When entering into a business contract, a number of discussions and negotiations take place before any deal is done. As part of this pre-contract process, representations are made, some of which could give rise to liability.
It is important to understand the types of representations, as well as the elements of each of them, in order to avoid being held inadvertently open to a misrepresentation claim.
A misrepresentation is an untrue statement of fact or law made by Party A to Party B, which induces Party B to enter into a contract which, in turn, causes Party B loss.
There are three types of misrepresentation:
There are a number of steps that can be taken to try to limit or exclude liability for misrepresentation. Most commonly, these include drafting an “entire agreement clause” or “non-reliance clause” into a business contract (although the effectiveness of such provisions will depend on the application of the Consumer Rights Act 2015 and Unfair Contract Terms Act 1977, both of which are outside of the scope of this note).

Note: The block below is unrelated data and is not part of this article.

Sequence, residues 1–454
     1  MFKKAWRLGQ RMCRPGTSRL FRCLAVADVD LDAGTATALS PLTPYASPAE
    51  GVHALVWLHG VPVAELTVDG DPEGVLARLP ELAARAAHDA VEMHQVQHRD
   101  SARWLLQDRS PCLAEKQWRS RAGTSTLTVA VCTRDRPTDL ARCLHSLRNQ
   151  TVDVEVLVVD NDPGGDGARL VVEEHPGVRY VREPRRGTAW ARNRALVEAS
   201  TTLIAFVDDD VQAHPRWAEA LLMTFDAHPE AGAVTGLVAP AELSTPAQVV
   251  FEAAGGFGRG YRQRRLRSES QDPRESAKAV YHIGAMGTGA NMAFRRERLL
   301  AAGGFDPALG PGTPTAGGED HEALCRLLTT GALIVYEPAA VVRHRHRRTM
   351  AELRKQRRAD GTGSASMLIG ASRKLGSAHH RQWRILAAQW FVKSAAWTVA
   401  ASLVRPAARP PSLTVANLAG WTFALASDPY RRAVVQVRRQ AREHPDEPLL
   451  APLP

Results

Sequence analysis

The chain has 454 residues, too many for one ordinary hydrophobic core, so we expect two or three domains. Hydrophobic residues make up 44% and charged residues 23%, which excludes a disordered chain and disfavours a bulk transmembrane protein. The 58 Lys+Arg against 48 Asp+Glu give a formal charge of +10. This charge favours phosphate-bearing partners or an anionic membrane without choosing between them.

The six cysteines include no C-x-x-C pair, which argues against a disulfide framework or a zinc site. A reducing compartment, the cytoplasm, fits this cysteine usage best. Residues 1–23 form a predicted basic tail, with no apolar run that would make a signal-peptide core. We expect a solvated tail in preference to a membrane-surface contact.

However, a term in a business contract which restricts or excludes liability for fraudulent misrepresentation is wholly ineffective as a matter of public policy. This means that an entire agreement clause or non-reliance clause will never be effective against a claim for fraudulent misrepresentation.
Whilst this might seem like good news for a Claimant (as it allows them to overcome the obstacles of an entire agreement clause or non-reliance clause), it is by no means foolproof.
The Courts will not accept allegations of fraud at face value, just because someone says it has happened. Cogent evidence is required to justify a finding of fraud or other discreditable conduct. For more information on civil fraud, please see our “guide to civil fraud”.
There are a number of practical steps that can be taken to minimise the risk of claims for misrepresentation including:
For advice on claims concerning alleged misrepresentation, or for more information on the contents of this article, please contact Claire Boucher at firstname.lastname@example.org or Cara White at email@example.com.
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